The week of the Great Retail Reopening, I headed into London on a mission: to try on as many pairs of jeans as possible. It had been ages since I’d tried anything new, denim-wise, and I figured it would be better to to do this in person than to order (and return) dozens of pairs online.
So how did it go? The first shop didn’t have the jeans I’d admired online in stock. The second one had the jeans, but only up to the size under the one I needed. The third had jeans that fit, but frankly, I preferred the pairs I already had at home.
It was almost enough to send me back to leggings-ville.
In a way, it’s reassuring to know that while everything else seems to have changed, trying on jeans remains the worst. And yet, few garments can date a wardrobe like jeans – even fewer can make it look instantly current again.
Which must be why jeans appear to be on so many women’s minds right now. Selfridges saw demand rise almost overnight about three weeks before lockdown began to ease, with jeans increasing to 10 per cent of womenswear sales in late March. Once retail reopened, the Denim Hall at the retailer’s London outpost became one of the busiest departments in the store.
‘People are starting to think about life after sweatpants,’ says Jeannie Lee, Selfridges’ head of womenswear buying. ‘They’re thinking about what’s next. Which means they need new jeans.’
There are plenty of reasons to consider a new pair. Maybe your size has changed. Maybe none of the jeans you own feel good any more. Maybe you’re just ready for something fresh. I finally found the right pair – Sézane’s Brut Sexy, a straight-leg style that works wonders on the rear view. They’re so right that my leggings are finally getting a rest.
Here are five styles to try now. With determination and a little patience, one might just be your next wear-with-everything pair.
The balloon leg
High-waist balloon, £35.99, Mango
Also known as barrel-leg, these jeans are high on the waist, tight on top, and balloon out in the leg before tapering in at the ankle. They shouldn’t make sense, but they do. I’m on the curvy side, and I loved the way Whistles’ bestselling barrel-jeg jeans hugged my waist and created shape around my hips. Since this is a more voluminous style, it looks best with tucked-in tops or boxier jumpers.
Modern Straight, from £160, 7 For All Mankind (from tomorrow)
If you’re tired of skinny jeans, then consider the crop. This could be a kick- flare (tight through the leg with a slight flare below the knee), a wide- or a straight-leg style – whatever you choose will look fab with flat sandals by virtue of ankle exposure, which makes them perfect for summer.
Go for a French tuck (just the front half of a jumper or shirt) and let ’em fray. A note on fit: shopping for denim online is notoriously difficult because styles that appear cropped on models will often be just the right length on regular legs. Read the fit notes and opt for a petite style if you’re under about 5ft 5in, or shop with the expectation that you might need to shorten them.
The S. O.
Venice Beach Boyfriend Jeans, £75, And/Or at John Lewis
Consider the ‘significant other’ style your baby-step out of lockdown. The roomier cut and soft, worn fabric makes S.O. jeans the closest things to sweatpants. Their slouch appeal works well with T-shirts and smocked puff-sleeve tops (it counteracts the girliness) alike. Whether you go for a wider-legged boyfriend (or dad!) jean, or a straight-leg girlfriend cut, these are the weekend jeans of dreams.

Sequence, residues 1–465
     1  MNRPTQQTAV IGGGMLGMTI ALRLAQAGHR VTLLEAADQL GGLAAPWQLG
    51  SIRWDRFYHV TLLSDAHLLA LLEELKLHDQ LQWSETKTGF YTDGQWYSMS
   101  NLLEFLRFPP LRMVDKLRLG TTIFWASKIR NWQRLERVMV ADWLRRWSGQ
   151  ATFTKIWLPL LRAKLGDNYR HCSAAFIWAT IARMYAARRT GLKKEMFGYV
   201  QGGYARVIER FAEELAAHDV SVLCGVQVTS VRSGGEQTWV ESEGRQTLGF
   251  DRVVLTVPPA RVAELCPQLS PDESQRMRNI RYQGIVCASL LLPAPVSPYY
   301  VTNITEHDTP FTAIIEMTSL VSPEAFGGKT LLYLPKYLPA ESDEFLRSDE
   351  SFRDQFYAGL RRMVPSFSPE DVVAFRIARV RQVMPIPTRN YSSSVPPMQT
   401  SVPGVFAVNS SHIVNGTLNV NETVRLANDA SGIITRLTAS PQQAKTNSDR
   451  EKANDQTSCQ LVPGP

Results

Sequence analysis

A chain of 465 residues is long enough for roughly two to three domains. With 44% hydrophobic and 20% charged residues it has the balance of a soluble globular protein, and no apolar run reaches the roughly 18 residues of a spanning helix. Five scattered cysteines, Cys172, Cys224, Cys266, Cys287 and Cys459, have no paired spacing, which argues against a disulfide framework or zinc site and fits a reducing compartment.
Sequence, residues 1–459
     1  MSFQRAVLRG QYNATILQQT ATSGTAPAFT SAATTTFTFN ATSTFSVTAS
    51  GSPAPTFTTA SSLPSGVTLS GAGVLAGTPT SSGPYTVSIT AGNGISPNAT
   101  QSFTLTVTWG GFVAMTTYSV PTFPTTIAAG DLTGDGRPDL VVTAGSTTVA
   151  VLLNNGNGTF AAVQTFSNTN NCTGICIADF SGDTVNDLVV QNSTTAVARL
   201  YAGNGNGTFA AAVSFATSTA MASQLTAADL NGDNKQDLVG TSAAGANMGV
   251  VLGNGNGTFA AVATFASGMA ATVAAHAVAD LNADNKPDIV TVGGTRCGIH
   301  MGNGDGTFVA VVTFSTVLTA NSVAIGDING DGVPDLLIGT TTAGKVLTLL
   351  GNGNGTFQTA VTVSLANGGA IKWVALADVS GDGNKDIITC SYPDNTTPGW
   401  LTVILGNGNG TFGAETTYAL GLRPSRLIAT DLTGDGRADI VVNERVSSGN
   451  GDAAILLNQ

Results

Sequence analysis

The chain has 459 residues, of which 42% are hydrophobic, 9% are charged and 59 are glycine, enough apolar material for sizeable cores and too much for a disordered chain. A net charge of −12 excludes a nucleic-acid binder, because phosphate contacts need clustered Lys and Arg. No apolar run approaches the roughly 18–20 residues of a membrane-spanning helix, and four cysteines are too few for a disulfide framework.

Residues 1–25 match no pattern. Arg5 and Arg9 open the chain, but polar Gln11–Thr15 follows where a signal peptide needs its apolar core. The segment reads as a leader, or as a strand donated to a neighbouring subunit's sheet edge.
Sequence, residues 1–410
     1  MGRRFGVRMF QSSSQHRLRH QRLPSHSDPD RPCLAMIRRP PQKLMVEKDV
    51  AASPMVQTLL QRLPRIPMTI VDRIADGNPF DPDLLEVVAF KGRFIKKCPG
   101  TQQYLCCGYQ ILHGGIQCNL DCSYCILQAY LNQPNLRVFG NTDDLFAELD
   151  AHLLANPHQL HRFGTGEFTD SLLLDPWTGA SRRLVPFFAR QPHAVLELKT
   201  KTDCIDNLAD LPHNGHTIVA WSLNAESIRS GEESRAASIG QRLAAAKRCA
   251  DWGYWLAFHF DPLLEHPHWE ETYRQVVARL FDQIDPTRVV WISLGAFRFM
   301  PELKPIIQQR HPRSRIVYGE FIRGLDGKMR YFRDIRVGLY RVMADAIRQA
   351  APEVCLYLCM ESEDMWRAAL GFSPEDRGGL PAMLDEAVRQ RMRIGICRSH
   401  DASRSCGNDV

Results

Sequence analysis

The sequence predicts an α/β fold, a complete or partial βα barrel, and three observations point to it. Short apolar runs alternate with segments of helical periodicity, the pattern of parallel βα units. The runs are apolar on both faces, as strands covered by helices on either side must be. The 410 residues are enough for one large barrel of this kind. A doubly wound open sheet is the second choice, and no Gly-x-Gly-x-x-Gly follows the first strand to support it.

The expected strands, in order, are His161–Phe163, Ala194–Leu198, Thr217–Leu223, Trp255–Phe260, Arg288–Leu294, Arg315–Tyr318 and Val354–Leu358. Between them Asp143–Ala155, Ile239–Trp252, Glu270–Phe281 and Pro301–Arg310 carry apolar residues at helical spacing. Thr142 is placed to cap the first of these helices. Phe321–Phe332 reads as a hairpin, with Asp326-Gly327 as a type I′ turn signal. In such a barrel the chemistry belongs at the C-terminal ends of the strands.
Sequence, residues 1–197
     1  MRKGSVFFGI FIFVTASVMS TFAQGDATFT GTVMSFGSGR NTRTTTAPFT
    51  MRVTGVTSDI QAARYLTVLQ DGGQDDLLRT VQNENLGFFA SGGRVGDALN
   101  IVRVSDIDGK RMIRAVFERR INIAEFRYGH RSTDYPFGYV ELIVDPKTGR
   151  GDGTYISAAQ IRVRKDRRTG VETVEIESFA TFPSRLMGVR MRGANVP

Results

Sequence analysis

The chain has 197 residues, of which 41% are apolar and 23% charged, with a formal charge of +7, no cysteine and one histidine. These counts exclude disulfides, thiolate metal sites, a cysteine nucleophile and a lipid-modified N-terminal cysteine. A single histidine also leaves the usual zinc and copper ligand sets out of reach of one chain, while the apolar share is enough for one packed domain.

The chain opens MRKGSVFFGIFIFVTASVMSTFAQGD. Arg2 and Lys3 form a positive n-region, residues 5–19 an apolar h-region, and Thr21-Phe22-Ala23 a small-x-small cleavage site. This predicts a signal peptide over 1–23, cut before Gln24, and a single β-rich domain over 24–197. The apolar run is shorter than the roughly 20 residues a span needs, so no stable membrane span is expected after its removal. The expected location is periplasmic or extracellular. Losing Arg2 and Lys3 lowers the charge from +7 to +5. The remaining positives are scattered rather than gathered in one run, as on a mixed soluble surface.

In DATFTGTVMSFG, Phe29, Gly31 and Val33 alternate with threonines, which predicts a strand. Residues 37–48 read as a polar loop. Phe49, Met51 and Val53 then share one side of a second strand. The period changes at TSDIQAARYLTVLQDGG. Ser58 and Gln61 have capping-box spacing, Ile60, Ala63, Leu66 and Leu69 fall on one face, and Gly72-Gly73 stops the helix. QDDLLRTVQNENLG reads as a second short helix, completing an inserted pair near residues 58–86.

Alyssa jeans, £140, The Reformation
High-waist, straight-leg jeans have been back for some time now, usually branded as ‘mom jeans’ (searches for the style have gone up 280 per cent over the past month at John Lewis & Partners). But the appetite for ’90s vintage styles has seen more details from the decade creep in. Just look at the front patch pockets on Reformation’s Alyssa, and the contrast stitching on Maje’s cargo-style jeans. If you’re really a ’90s fiend (or your daughter is), then look out for a vintage Guess Jeans pop-up at Selfridges this month.
The Perfect Slim 7/8, £95, Sezane
Despite the much-heralded ‘death of skinny jeans’, denim brands agree: skinnies are still the overwhelming customer favourites. It’s a question of comfort, insofar as skinny jeans (and jeggings) are closer to leggings than true-denim jeans. Sometimes they’re even more comfortable. No wonder Marks & Spencer sells two pairs of its bestselling jeggings every minute. In other words: even if you’re curious enough to try out a new style or two, you can always come back to skinnies if that’s what you love.
On the catwalk
Luxury designers are using denim more than ever. Most likely this reflects the runway getting real – after all, the red-carpet gowns or going-out garb we’re used to seeing on the catwalks hasn’t really been relevant this year. While houses including Saint Laurent and Celine have included jeans in their collections for years, Alexander McQueen and Loewe have gone deeper into denim.
So has Valentino, with designer Pierpaolo Piccioli featuring reworked vintage Levi’s 517 boot-cut jeans into his spring-summer 2021 collection. While the look may be vintage, the price is firmly on the luxury level at £650 (net-a-porter.com).
Straw grab bag tote, £19.50, Marks & Spencer; Cabana shirt, £90, With Nothing Underneath; Hoop flower earrings, £13, Mango; Eliza sandals, £80, Boden; Air Heart sunglasses, £60, Le Specs at Matches Fashion